Ray - cylinder intersection

Post: #1

I know how to check if a ray intersects with a sphere and a polygon. I am now trying to do the same for a cylinder.

The best idea I've come up with so far is quite similar to my solution for ray-sphere intersection: substitute the equation of the ray into the equation of the sphere and solving quadratically.
The problem with this is that the equation of the cylinder assumes that the cylinder is at the origin and that it is a unit cylinder. My cylinders have undergone transformations such as rotations and translations (so it's not necessarily based at the origin) and are not unit cylinders. My source for this is:

ray-cylinder intersection site

Can anyone please help me with this? If not, can anyone give me info about alternative ray-cylinder intersection techniques (preferably simple and accurate ones)? Any help is greatly appreciated.

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Post: #2
Well, you could always transform the ray by the inverse transformations and try that... It should work in theory.
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Post: #3
Yeah, the easiest way is to plug the ray values into the quadratic equation for the cylinder and solve. If your cylinder is not centered it's pretty easy to offset the origin of the ray by the same amount to achieve the same result...

For any arbitrary set of transformations, the easiest way is to transform the ray by the objects transformation matrix. If you do not re-normalise your ray's direction vector, the the parametric t distance value you get out of solving the quadratic equation will be correct! Of course points, vectors, and normals all get transformed differently which was something that tripped me up the first time I wrote a ray-tracer. Vectors of course ignore any translation data, and normals are transformed by the inverse-transpose of the transformation matrix (again using only the upper-left 3x3 matrix).

The not-so easy way is to solve the transformed cylinder for the multitude of coefficients in the fundamental quadratic form removing the need to transform the ray into object space and transform the hit point and normal back into object space.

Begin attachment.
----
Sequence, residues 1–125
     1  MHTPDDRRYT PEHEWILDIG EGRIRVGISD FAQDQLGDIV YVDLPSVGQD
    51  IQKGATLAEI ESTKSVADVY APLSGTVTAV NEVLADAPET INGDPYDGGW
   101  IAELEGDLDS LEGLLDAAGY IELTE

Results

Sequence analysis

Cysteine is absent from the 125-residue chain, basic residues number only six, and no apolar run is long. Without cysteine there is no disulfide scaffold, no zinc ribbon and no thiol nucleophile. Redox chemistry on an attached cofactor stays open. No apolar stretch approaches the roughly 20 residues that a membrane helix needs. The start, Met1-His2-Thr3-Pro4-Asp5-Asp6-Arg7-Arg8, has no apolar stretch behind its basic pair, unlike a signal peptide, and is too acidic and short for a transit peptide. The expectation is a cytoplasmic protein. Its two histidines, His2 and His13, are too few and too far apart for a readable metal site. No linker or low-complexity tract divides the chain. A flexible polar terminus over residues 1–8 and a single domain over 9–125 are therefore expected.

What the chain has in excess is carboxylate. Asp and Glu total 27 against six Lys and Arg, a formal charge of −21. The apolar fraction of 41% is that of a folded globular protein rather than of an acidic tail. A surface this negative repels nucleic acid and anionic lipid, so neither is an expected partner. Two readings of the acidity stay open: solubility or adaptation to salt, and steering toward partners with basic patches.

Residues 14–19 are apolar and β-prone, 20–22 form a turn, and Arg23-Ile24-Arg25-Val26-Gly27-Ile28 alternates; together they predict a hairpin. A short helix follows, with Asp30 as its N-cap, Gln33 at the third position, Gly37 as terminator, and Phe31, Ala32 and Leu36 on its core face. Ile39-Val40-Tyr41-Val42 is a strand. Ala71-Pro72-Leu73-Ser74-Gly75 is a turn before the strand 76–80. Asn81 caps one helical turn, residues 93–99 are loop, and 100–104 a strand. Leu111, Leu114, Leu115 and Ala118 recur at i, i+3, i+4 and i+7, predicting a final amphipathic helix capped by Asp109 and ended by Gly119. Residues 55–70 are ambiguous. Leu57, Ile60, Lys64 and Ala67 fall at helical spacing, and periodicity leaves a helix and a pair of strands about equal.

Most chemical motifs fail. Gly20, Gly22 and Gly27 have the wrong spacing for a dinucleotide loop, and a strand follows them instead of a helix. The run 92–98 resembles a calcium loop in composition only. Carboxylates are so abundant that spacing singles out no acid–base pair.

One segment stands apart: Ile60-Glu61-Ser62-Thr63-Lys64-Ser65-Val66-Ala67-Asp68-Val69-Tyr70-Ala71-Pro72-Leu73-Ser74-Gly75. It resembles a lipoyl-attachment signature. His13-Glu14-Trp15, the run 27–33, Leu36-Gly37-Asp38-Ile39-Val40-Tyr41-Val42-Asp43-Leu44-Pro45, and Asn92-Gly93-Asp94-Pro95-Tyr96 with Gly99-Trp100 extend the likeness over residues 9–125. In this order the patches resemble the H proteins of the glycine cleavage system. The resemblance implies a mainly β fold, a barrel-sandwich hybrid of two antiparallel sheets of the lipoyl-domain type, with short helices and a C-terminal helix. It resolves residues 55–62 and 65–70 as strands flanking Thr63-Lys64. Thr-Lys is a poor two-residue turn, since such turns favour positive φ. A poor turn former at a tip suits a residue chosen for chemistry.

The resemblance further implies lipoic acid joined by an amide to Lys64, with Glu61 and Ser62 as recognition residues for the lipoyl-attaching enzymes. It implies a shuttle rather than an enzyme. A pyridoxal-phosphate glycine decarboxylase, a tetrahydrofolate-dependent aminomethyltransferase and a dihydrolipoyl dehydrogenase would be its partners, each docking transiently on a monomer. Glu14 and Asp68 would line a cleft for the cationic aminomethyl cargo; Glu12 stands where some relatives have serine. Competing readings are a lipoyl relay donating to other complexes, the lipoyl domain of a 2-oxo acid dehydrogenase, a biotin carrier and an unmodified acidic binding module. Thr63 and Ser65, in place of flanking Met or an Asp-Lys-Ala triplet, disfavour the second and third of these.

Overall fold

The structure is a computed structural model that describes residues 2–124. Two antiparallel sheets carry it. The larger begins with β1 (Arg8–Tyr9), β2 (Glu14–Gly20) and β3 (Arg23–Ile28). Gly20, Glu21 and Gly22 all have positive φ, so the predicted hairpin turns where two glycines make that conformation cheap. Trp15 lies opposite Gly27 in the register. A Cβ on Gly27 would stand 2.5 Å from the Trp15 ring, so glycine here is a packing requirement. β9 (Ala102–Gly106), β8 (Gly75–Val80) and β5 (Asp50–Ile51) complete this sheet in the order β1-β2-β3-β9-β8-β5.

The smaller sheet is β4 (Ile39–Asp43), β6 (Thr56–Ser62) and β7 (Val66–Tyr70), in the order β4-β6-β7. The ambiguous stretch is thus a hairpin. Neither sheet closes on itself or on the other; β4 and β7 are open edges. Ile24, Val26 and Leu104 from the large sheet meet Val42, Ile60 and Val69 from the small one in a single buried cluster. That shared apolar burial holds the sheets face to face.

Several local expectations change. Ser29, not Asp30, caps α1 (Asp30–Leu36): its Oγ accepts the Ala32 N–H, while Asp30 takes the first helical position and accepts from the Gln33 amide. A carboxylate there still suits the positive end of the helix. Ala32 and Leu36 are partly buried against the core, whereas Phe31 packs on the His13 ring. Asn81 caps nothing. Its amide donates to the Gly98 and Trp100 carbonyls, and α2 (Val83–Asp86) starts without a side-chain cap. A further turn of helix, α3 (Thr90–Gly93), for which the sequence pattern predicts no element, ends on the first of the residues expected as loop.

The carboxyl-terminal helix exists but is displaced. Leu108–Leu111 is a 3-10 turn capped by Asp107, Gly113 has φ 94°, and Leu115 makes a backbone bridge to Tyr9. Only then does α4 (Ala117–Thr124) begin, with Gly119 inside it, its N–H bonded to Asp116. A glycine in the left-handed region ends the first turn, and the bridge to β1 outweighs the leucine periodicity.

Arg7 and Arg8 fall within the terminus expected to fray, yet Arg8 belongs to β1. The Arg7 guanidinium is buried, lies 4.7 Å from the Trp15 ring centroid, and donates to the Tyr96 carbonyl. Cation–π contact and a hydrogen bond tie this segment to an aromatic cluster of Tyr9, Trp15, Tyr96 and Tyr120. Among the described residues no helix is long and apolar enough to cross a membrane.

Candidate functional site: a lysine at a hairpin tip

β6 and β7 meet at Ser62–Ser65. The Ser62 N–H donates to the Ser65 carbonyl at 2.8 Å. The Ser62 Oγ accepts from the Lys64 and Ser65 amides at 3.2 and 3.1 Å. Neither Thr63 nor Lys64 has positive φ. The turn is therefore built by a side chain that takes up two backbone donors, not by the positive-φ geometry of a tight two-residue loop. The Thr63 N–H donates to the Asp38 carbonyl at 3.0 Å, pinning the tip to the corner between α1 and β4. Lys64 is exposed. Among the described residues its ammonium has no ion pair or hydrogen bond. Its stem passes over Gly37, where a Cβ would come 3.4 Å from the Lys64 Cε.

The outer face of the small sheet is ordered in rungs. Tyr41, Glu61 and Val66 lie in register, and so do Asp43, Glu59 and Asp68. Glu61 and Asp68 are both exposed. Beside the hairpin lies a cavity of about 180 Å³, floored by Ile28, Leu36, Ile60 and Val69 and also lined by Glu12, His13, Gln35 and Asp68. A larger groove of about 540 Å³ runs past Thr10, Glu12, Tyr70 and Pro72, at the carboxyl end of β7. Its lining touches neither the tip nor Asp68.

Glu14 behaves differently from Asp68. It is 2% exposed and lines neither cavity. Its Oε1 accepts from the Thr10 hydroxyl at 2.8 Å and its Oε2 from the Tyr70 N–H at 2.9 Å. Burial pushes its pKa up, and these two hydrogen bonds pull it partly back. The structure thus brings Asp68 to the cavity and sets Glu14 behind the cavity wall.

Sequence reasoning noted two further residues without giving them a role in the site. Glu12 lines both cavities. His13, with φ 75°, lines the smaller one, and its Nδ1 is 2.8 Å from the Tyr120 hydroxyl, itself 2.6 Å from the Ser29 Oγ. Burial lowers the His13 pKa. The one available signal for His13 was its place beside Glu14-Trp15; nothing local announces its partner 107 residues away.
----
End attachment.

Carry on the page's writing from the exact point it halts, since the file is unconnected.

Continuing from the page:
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Post: #4
Thanks for your responses. I will look into it after I have pursued my own solution to the problem that I came up with:

Imagine a vector that runs through the cylinder (through its centre). The first point of the vector is at one end of the cylinder and the other point of the vector is at the other end of the cylinder. You've basically got a ray running through the cylinder. If I was to place spheres at intervals along the ray then you would end up with a cylinder whose internal space is almost entirely filled with spheres. I could then check for intersection with the cylinder by checking for intersection with each of these spheres. This approach isn't 100% accurate (there will be some internal space in the cylinder that isn't covered due to the gaps between adjacent spheres), however you can increase the accuracy by decreasing the distance between adjoining spheres. Obviously the greater the number of spheres (and thus the accuracy) the greater the number of calculations.
I have started work on this approach and am having a problem: when I rotate my cylinder and vector about the x-axis by -45 degrees, the vector running through the cylinder is shrinking slightly and being rotated by slightly more than -45 degrees (so it's no longer running through the centre of the cylinder). Here is my code:

// angle to rotate cylinder and vector by
float angle = -45.0;

GLUquadricObj    *q;

// used to convert radians to degrees
#define PI 3.14159265

// draw cylinder
    q = gluNewQuadric();
    glRotated(angle, 1.0, 0.0, 0.0);
    gluQuadricDrawStyle(q, GLU_LINE);
    gluCylinder(q, 0.1f, 0.1f, 1, 6, 6);

// coordinates of the two points making up the
// vector
float ax = 0.0, ay = 0.0, az = 0.0;
float bx = 0.0, by = 0.0, bz = 1.0;

// apply the manual rotate calculations to the
// points of the vector. Multiplying by PI and
// then diving by 180 converts radians to degrees
ax = ax;
ay = ay*cos((angle*PI)/180) -
az = ay*sin((angle*PI)/180) +  

bx = bx;
by = by*cos((angle*PI)/180) -
bz = by*sin((angle*PI)/180) +

// draw the vector running through the cylinder
    glVertex3f(ax, ay, az);
    glVertex3f(bx, by, bz);


When I use the glRotated() method on the vector instead of manually calculating the points myself, the problem disappears. Why are my manual rotate calculations on the vector causing these problems?
I need to calculate the two points of the vector manually because I need to store these points so that I can place the spheres along the ray. I got all my maths for calculating the rotation from the following page:

rotations tutorial

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Post: #5
At first glance the math does appear ok, so I would guess your problem is bad precision caused by the implicit conversion to integers...

Instead of /180, try /180.0f forcing the compiler to treat your constants as floats.
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Post: #6
Oh shoot, I see your problem...

You need to cache the values of ay and by... You are updating the value in ay before you calculate the new position for az, which is responsible for the skew you are experiencing.
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Post: #7
yep, that did the trick. thanks kberg!
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